6. Christopsomo

christopsomo greek christmas bread

Although not usually seen, this delicious spiritual Christmas bread may include raisins, cinnamon, and even anise. It is lovingly prepared and baked because, as the name Christopsomo says, it is Christ’s bread. Families cook it on Christmas Eve and serve it at the Christmas Day meal to bless the whole family.

7. Mamoulia

Mamoulia are a sort of filled pastry made by Chios residents using traditional ingredients like nuts and almonds, and occasionally mastic. Mamoulia are famous in Chios, but they may also be found on numerous other Greek islands.

The traditional New Year’s Greek dessert!

Vasilopita is a New Year’s Eve pie, usually cooked by Christian, nations and sliced immediately after the year turns. Because it is the first item we taste, it must be as delicious as we want the rest of the year to be. It is composed mostly of wheat, eggs, sugar, and milk in Athens. It may come in a variety of sizes and shapes, but it is often fluffy and delicious.

This New Year’s Day treat is loved by everyone, particularly children, in almost every Greek home. The Vasilopita cake is famous not just in Greece, but also in neighboring Balkan nations. Vasilopita, a pound cake-like dessert, is sliced on New Year’s Day and is always created with a concealed penny within.

When the Vasilopita is sliced and served on New Year’s Day, the person who gets the piece with the coin is regarded to be the fortunate one. Along with ‘winning the coin,’ ‘the fortunate one’ will enjoy good fortune for the remainder of the year.

Greek Christmas desserts – Vasilopita: Recipe


300 butter, at room temperature
250 g icing sugar
1 tablespoon(s) granulated sugar
7 g mahlab
2 g mastic
1/2 teaspoon(s) nutmeg
2 tablespoon(s) all-purpose flour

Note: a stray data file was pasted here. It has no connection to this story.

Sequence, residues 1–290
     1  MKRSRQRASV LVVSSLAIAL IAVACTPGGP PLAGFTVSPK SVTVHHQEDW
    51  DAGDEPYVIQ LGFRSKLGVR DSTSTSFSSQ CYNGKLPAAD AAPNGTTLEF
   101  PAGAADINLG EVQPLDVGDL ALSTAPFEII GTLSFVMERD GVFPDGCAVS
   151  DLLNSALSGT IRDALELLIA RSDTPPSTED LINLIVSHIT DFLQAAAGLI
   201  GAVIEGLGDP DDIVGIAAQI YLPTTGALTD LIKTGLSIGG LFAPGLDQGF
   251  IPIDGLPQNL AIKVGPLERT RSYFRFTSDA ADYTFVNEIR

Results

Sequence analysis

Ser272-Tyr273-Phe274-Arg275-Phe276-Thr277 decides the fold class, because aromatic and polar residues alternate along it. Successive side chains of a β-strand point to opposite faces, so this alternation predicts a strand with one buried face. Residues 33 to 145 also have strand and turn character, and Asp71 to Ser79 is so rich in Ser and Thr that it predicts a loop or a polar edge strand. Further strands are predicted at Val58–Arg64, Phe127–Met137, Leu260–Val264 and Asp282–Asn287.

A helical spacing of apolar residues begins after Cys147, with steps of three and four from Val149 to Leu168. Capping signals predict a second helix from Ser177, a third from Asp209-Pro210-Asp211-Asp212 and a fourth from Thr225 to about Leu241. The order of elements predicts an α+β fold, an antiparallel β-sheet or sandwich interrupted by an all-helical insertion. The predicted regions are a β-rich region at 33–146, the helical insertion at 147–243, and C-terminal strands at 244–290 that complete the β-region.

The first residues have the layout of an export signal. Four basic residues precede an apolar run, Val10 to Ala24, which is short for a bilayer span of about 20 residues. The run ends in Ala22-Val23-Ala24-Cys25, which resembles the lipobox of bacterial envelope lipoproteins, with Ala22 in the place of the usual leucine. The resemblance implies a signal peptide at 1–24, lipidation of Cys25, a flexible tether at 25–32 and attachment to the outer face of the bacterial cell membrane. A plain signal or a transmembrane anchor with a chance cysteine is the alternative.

orange zest, of 1-2 oranges
1 g vanilla powder
eggs, at room temperature
75 g milk, 3.5%
400 g all-purpose flour
1 tablespoon baking powder
icing sugar


Preheat the oven to 180 °C.

Beat the butter and icing sugar in a mixer using the paddle attachment until light and fluffy. Scrape down the edges of the bowl and resume pounding. 5 minutes more beating (It is critical that the butter is at room temperature.) The fluffier your combination will be, the softer it is.

While you’re waiting, combine the remaining ingredients from the first batch (excluding the orange zest) in a blender with a tablespoon of sugar until powdered. When ready, stir in the orange zest. Mix this powdered mixture in the mixer at a low speed.

In batches, add all the components from the second mixture. Remove the mixing bowl from the machine and add the items from the third combination. With a big spoon, combine everything. Grease and flour a circular 25 cm spring-form baking pan. Place the batter in the baking pan.

45-50 minutes in the oven.

Remove from oven, sprinkle with icing sugar, and serve!

No matter what your taste buds are longing for, you’re sure to find a delicious Greek Christmas dessert to enjoy!